The scent of Gardenia jamsinoides (more commonly known as Common Gardenia or Cape Jasmine) can conk you out as effectively as prescription sleeping pills without all the downsides, according to a new German study. In tests, the fragrant flowers apparently acted on the the exact same neurotransmitter (GABA) that valium does. Here's what that looks like: "In a Plexiglas cage whose air contained a high concentration of the fragrance, the mice ceased all activity and sat quietly in the corner." Kind of intense.
Researchers at Concordia University crunched numbers from more than 100 studies on the effects of recreational drugs on sexual performance. The list of drugs examined was long — cocaine, morphine, alcohol, caffeine, and a slew of others. And the verdict — not good. Almost across the board, drugs led to decreased sexual performance. With a few notable exceptions:More...
One solution to hot weather: huddling in your bedroom in front of the air-conditioner. Another: training your body to be a-okay with the heat. Yoga and running in extreme heat, says Dr. George Lubers, a physician with the Centers for Disease Control, “trains our bodies to develop better and larger sweat glands, to reduce body fat content, which also helps dissipation of heat, [and improve] aerobic capacity.” Oo, larger sweat glands...just what you've always wanted. (via WNYC)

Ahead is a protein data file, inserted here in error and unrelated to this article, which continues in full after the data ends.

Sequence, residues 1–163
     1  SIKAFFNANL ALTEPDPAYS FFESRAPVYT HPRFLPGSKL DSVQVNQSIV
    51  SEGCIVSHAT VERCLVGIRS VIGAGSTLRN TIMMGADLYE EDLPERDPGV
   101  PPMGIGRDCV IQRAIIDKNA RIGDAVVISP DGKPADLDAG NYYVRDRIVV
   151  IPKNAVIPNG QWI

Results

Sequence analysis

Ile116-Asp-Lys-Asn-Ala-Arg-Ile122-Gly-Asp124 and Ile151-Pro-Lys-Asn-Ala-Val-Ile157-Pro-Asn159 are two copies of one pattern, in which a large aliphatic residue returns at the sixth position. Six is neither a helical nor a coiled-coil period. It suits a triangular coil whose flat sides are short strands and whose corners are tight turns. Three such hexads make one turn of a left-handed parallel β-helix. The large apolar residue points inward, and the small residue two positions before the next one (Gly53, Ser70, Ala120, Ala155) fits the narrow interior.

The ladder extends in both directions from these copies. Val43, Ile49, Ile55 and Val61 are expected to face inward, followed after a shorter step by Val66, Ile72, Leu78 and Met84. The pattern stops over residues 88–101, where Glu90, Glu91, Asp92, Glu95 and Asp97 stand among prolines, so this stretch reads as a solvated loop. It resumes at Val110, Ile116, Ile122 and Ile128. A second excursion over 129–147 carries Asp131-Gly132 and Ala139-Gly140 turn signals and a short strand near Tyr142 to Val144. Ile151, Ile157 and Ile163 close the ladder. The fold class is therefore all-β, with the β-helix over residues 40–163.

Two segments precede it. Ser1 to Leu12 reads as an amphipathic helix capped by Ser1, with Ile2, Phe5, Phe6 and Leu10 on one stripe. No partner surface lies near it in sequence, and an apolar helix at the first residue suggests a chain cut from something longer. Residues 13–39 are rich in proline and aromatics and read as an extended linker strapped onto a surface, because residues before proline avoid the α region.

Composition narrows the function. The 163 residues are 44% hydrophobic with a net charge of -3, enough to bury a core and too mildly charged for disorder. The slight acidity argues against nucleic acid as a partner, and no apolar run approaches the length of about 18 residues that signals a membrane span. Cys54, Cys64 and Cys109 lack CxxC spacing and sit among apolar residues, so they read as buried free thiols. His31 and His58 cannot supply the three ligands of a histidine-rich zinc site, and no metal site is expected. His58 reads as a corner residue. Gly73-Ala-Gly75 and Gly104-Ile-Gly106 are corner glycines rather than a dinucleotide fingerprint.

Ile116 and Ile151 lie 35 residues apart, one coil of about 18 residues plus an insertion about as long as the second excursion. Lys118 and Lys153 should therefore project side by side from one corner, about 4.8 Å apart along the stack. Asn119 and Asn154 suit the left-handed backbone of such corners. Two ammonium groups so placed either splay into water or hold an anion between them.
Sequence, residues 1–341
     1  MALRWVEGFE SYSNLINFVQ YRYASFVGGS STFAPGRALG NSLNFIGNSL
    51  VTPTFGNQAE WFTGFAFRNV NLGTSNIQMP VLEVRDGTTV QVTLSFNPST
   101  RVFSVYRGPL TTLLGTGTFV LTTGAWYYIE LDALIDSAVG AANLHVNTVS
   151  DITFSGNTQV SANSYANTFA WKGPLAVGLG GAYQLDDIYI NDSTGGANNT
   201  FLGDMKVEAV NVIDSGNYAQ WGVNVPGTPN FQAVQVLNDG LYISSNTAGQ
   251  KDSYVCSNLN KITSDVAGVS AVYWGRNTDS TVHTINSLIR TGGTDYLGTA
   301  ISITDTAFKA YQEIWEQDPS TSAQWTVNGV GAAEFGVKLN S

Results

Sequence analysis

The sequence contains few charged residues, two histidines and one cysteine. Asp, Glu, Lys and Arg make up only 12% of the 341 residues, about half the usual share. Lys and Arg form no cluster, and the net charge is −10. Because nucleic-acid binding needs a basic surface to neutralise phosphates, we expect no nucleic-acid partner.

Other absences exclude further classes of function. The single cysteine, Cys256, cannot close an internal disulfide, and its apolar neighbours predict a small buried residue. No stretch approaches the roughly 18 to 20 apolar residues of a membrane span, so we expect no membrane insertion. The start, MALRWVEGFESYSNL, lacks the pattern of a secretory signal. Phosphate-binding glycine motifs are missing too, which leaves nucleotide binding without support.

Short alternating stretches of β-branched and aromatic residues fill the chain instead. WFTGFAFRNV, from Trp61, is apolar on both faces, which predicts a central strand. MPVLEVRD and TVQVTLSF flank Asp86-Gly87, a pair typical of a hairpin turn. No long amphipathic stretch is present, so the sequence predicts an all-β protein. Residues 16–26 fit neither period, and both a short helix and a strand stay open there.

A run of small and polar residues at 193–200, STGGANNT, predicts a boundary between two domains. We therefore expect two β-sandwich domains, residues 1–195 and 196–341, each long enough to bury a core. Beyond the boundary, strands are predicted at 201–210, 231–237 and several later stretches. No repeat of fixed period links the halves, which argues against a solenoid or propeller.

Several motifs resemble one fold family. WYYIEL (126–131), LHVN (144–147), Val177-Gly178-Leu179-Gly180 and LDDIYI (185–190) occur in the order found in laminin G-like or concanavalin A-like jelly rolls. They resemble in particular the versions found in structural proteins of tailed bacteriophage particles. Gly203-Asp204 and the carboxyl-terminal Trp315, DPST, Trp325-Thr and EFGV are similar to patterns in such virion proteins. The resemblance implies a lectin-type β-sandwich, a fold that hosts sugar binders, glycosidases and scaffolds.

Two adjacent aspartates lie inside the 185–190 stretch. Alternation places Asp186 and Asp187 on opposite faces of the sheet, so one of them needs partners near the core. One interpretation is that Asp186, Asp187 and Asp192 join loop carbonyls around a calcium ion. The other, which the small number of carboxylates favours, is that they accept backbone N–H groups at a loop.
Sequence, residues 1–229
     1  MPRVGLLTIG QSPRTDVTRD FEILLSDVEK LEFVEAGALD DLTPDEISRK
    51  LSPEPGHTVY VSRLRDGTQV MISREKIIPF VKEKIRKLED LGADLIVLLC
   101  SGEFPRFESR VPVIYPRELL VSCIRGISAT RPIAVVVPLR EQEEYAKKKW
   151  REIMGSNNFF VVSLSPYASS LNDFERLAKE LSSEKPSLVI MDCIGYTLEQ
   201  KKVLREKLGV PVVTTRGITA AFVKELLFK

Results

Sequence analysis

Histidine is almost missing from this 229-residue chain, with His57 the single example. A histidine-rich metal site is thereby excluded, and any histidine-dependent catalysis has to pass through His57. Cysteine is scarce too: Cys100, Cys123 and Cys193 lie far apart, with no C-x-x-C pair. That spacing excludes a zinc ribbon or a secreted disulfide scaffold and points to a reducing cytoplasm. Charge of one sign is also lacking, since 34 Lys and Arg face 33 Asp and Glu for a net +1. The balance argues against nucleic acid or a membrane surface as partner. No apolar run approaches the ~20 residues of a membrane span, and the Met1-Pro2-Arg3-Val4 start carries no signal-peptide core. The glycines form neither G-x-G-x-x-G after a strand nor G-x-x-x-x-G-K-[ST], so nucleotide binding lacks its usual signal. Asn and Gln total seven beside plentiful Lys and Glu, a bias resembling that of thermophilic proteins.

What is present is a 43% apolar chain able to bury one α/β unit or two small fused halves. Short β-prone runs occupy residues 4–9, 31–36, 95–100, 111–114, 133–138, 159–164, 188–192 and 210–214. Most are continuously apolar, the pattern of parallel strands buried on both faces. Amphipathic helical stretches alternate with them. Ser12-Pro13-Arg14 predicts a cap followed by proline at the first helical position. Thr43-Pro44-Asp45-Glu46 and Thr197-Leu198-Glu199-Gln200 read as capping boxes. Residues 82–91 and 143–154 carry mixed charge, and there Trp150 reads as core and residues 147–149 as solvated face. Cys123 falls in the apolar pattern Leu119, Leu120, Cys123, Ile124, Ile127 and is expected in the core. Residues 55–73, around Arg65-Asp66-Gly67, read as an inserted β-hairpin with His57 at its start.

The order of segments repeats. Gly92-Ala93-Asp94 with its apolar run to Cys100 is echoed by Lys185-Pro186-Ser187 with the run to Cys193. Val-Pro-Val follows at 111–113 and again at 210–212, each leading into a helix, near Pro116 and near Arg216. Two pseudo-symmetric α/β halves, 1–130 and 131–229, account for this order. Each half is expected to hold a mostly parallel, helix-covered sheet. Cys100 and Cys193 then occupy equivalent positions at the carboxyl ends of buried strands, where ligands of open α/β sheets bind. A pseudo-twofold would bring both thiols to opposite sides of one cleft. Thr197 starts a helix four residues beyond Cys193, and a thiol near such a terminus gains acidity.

As we age, our brains age too. One sign of this, sluggishness of stem cells in our brains, meaning fewer new neurons to take the place of expiring ones. But new research shows that exercise bathes your brain in a protein that counteracts this slow down. In the study, scientists first identified the protein unleashed when mice ran on a wheel, noting that it counteracted brain cell slow down chemical mechanisms by about 50%. Then they named the protein Noggin. Then they delivered large doses of Noggin straight to the brains of other mice, which became "little mouse geniuses, if there is such a thing." Extrapolation: Exercise can make you a little human genius. In the words of the study's lead author: "If ever exercise enthusiasts wanted a rationale for what they’re doing, this should be it." (via the New York Times)
Low-acid diets are gaining a following. The theory goes like this: Meat and cheese form acid in the body, higher acid levels lead to bone loss, so cut out high-acid foods and you prevent osteoporosis and stay healthy longer. Marion Nestle, a professor in the nutrition, food studies and public health department at NYU takes a look at the theory in her weekly column in the San Francisco Chronicle. Her verdict on the low-acid theory: Dubious.More...
How many servings of chocolate would you say you eat a month?
B) About five.
C) Hm, maybe eight?
D) Somewhere between twelve and infinity.